In the United States, women generally outlive men by nearly five years. Although they may live longer than their male counterparts, they earn far less income than men over the course of their lives. The combination of these two factors makes it even more critical that women engage in estate planning just as much, if not more, than men.
Women who have taken time out of the workforce for a period of time, such as to stay at home with the kids, have far less invested in their retirement funds than their spouses. If that income stops coming in, then that can greatly impact the woman’s ability to live as comfortably as she once did. Estate planning can help you prepare for this.
Estate planning is a process whereby you draft documents that clearly spell out what you wish to happen with your assets after your death. It also includes the drafting of health directives that reflect your preferences if you become either mentally or physically incompetent to make decisions for yourself.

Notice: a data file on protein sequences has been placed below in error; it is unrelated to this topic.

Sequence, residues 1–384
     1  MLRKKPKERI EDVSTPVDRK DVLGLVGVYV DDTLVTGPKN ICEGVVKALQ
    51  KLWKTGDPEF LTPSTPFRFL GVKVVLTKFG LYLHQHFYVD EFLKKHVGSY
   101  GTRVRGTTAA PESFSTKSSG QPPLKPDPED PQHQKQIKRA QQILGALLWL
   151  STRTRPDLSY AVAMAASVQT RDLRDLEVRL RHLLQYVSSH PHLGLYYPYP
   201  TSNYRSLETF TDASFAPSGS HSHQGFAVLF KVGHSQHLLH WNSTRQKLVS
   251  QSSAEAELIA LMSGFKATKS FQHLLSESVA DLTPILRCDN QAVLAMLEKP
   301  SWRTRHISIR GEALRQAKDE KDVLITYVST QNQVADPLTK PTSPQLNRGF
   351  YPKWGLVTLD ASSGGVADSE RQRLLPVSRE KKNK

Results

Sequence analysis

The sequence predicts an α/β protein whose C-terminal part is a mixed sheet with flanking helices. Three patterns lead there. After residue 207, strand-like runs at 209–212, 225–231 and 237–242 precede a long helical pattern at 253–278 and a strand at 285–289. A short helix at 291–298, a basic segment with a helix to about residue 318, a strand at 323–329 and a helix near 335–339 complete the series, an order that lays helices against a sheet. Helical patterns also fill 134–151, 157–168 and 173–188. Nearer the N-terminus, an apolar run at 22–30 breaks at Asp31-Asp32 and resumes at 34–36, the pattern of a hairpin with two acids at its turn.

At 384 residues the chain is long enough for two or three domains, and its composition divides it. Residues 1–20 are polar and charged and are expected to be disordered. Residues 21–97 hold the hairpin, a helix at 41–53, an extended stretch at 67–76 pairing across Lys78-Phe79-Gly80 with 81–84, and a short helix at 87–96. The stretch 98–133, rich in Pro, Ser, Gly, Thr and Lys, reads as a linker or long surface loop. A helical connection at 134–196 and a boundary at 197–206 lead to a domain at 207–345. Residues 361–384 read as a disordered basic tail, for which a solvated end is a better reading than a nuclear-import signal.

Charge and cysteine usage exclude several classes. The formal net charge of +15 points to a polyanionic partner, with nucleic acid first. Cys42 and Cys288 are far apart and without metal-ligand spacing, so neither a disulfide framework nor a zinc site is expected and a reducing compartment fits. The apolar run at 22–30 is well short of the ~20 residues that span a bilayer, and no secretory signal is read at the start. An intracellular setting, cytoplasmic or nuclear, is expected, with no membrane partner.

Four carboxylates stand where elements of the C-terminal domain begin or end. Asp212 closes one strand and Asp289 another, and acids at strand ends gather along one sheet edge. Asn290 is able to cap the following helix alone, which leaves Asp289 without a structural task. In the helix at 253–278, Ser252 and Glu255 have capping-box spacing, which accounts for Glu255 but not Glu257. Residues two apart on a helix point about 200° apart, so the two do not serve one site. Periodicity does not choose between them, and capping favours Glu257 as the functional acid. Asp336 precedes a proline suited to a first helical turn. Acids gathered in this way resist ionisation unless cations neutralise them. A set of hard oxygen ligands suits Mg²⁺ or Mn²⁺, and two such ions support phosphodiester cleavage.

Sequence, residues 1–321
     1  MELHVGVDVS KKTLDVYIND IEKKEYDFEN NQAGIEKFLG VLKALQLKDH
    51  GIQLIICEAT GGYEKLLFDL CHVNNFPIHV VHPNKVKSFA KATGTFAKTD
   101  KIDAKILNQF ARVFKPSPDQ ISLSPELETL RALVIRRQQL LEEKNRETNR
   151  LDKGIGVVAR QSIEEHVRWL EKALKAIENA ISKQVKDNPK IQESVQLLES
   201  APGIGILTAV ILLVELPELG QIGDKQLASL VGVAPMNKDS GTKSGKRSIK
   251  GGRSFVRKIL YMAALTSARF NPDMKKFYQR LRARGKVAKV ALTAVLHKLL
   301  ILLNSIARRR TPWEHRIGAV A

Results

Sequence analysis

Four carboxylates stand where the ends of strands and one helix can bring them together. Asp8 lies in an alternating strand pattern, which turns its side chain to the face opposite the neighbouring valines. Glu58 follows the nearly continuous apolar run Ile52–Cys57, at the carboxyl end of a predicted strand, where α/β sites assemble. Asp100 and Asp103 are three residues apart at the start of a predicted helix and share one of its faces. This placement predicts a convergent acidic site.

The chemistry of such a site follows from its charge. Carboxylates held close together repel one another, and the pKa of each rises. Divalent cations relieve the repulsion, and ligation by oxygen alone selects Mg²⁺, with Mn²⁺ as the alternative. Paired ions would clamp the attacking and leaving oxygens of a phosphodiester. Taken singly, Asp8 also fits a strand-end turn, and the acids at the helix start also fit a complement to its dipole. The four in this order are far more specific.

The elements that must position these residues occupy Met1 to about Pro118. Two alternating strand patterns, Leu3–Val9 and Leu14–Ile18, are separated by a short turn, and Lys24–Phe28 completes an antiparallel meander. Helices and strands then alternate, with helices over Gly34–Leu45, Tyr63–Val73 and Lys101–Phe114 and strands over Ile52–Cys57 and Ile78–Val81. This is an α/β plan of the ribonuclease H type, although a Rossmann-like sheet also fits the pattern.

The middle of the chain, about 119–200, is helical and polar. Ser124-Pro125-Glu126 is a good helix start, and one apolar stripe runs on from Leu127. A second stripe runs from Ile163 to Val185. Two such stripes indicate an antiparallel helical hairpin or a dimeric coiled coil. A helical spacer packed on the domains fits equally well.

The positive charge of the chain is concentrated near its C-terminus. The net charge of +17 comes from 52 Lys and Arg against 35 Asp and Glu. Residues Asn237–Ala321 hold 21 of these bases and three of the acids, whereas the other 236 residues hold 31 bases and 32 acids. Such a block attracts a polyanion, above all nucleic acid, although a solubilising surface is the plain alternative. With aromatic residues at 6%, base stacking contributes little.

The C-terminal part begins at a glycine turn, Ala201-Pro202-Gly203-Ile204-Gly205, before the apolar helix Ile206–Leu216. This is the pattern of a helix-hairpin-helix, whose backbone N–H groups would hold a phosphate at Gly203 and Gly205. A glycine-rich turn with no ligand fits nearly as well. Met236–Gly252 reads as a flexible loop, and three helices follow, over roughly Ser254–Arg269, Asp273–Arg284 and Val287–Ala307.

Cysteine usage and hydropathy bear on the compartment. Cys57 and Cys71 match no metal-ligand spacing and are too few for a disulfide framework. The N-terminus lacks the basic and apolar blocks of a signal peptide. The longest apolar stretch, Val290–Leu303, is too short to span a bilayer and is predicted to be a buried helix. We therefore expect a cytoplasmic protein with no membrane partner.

All women should have a health care proxy or directive and will. By having these types of documents in place, it ensures that you’ll have more control over what happens as opposed to someone else, like a judge.
Estate planning is not just a one-time occurrence, but instead something that should be repeatedly readdressed as life events occur. For example, if a woman’s husband becomes ill, then she might want to go in and tune up her estate plan to ensure she continues to have access to her assets.
Some who work in estate planning even recommend setting a reminder for yourself to review your list of beneficiaries every year on your birthday to make sure they continue to agree with your preferences.
While it may be beneficial for female clients to take a more active role in their finances early on, few do until a major life event occurs. If you are looking to proactive about shaping your future, then a St. George, Utah, estate planning attorney can help guide you through that process.
Source: Forbes, “It’s different for women in estate planning,” Larry Light, accessed Sep. 29, 2017